to tackle through the protection last time around and I think
that is something that we would be very keen to do going forward.
The impact of one year is not the same if you are earning £10,000
as opposed to if you are earning £100,000.
Mr Baume: Can I make one caveat
to that. One of the great strengths of the Civil Service is that
everybody from Sir Gus O'Donnnell to an administrative officer
is in the same pension scheme, they are in the same redundancy
scheme and they get exactly the same terms and conditions. The
salaries are different and people will obviously have varying
lengths of service, but I think one of the strengths is it is
exactly the same pensions arrangements and redundancy arrangements.
We were willing in the February agreement to actually load the
benefit towards lower paid staff, but I certainly would not want
to see a situation where we started to put people in senior positions
on different types of arrangements to the generality of the Civil
Service as a whole.
Q12 Charlie Elphicke: If there is
such galit and fraternit in the Civil Service should not senior
civil servants all be in it together with Mr Lanning's members
and take their hit on bonuses as his members are taking a hit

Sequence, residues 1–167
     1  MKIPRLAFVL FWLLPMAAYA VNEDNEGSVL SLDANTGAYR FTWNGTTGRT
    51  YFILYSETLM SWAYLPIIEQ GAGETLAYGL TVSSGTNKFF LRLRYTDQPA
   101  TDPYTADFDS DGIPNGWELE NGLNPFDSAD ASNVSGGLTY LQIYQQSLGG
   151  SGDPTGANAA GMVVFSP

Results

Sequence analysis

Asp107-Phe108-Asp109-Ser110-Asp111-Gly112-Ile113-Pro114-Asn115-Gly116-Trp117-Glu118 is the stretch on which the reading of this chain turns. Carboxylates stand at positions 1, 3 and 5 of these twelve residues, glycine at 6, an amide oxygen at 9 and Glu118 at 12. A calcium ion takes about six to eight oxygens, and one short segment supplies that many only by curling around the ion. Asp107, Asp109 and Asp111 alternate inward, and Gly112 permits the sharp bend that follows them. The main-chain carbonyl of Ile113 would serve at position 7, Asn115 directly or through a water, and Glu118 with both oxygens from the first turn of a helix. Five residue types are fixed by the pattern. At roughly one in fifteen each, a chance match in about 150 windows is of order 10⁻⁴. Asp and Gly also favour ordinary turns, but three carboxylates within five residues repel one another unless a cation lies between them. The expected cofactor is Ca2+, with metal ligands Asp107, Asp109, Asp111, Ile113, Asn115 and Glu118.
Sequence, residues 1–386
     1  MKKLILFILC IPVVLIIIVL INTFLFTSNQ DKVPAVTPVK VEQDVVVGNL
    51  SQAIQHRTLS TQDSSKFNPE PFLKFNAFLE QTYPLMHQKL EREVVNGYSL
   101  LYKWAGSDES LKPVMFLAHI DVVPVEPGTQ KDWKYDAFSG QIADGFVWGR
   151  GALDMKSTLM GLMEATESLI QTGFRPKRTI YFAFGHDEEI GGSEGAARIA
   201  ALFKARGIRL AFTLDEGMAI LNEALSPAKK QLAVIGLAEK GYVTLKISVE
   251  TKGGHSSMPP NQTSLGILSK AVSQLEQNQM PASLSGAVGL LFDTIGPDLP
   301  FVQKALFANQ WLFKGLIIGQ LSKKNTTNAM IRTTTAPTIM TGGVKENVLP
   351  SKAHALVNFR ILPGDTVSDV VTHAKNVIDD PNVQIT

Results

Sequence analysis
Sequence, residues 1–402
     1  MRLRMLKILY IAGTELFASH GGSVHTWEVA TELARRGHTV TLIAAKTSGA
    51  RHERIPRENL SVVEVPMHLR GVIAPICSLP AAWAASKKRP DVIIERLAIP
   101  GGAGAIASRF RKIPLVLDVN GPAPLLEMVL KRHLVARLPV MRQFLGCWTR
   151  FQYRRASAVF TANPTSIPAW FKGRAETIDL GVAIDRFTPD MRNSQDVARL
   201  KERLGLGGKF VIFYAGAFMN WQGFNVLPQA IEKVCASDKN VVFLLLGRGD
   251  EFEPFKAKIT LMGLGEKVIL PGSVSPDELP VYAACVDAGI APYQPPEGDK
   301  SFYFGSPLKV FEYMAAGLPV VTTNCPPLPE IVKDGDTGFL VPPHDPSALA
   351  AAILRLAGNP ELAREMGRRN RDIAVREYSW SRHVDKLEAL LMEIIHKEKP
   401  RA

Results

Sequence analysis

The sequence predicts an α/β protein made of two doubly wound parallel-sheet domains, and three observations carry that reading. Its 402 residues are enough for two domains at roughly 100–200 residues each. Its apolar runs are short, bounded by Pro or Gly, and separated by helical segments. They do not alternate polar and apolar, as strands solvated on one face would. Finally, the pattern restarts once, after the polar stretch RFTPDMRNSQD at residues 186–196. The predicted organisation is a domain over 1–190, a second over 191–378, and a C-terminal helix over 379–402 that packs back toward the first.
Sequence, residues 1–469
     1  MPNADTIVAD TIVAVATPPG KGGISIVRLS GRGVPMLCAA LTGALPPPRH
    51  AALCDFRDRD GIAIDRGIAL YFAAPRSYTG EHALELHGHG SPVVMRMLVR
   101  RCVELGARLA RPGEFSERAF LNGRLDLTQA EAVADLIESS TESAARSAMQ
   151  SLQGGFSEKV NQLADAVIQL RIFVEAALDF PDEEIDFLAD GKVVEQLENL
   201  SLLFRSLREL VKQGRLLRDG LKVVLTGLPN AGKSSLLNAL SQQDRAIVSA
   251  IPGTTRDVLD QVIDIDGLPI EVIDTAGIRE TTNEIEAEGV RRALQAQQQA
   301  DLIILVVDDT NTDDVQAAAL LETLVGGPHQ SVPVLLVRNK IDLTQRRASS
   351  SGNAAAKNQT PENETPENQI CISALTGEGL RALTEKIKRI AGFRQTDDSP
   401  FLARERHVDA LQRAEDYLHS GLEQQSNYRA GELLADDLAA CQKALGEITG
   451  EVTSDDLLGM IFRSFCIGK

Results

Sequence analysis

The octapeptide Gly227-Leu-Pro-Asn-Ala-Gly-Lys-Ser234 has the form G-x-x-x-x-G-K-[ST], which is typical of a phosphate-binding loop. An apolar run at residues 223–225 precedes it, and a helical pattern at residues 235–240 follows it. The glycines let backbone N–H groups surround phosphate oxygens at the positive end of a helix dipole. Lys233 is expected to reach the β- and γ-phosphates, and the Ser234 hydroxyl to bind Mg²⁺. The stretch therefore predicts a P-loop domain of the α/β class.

Mr Baume: Actually the Senior
Civil Service is taking a hit two-fold, firstly, because there
is a three-year pay freeze, not a two-year pay freeze operating
and, as I say, these bonuses are part of a pay system that was
designed by the Senior Salaries Review Body (it is not something
we are particularly supportive of) but actually in a way that
is already a form of hit because it is money that does not count
towards pension entitlement or carry forward year by year. It
is not money that somehow appears on top of the pay system. It
is an integral part of how the pay system is structured. As I
say, it is not one that I am particularly keen on but it is one
that has been in place now for about 15 years.
Q13 Kevin Brennan: In considering
the route you took of going to court over this and the implications
of that, did you factor in the possibility of a change of government?
Mr Lanning: Yes, we would have